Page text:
Elizabeth Cady Stanton

The Declaration of Sentiments

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“We hold these truths to be self-evident; that all men and women are created equal,” Elizabeth Cady Stanton said at the Seneca Falls Convention in 1848. One-hundred of the 300 convention attendees signed this speech that, modeled on the Constitution, served as a declaration of the women’s rights movement. It drew sharp criticism from all sides for its ruthless critique of men’s role in oppressing women; Stanton did not mince words when she stated, “The history of mankind is a history of repeated injuries and usurpations on the part of man toward woman, having in direct object the establishment of an absolute tyranny over her.” Despite the controversy surrounding it, this stirring composition inspired some to fight, thus paving the way to basic human rights for all.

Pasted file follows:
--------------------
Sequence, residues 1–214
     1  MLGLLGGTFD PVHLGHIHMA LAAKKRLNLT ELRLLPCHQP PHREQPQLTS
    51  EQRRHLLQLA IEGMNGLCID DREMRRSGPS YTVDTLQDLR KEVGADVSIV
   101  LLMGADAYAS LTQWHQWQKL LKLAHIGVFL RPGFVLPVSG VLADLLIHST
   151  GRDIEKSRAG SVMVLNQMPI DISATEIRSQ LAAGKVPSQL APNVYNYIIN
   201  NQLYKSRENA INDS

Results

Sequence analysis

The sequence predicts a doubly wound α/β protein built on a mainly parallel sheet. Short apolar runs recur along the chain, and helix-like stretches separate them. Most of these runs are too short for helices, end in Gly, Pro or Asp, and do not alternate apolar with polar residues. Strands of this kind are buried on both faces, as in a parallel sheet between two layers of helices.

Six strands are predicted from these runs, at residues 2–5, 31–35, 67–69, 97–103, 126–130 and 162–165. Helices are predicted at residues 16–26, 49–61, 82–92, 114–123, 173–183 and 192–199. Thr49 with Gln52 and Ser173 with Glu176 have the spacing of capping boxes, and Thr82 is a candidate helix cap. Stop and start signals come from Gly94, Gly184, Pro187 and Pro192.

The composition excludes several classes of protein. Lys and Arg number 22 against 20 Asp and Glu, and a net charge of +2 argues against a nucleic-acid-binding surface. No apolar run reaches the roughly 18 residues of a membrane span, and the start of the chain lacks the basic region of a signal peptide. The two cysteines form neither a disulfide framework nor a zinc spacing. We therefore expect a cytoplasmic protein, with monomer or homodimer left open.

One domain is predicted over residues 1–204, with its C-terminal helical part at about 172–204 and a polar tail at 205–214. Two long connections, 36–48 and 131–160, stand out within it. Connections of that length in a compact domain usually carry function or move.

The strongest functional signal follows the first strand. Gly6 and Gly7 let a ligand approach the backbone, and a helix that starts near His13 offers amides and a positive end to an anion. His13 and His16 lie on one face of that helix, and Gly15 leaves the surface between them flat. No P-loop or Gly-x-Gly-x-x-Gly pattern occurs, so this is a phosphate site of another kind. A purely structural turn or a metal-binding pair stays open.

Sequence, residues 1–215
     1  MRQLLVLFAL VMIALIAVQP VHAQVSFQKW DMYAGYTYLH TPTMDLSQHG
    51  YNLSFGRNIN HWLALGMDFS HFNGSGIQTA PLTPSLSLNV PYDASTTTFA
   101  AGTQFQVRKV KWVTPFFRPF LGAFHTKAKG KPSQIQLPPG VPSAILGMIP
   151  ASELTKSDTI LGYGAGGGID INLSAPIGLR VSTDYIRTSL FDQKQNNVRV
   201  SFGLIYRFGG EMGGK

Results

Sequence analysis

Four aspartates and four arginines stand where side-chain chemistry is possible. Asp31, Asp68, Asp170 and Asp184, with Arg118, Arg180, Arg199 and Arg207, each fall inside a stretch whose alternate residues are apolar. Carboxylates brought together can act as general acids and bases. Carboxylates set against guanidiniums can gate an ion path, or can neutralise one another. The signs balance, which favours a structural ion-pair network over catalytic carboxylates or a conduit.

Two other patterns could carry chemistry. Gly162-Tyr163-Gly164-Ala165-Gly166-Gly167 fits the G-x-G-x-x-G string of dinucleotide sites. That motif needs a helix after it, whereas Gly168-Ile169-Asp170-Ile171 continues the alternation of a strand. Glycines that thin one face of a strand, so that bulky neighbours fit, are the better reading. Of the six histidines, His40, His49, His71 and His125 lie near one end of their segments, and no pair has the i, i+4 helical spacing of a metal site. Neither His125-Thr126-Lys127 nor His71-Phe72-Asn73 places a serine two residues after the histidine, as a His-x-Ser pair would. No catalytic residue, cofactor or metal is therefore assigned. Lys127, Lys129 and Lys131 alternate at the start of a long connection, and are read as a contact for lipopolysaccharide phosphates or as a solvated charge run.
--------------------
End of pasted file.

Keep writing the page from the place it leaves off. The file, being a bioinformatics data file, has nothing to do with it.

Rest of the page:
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Caelen Phillips
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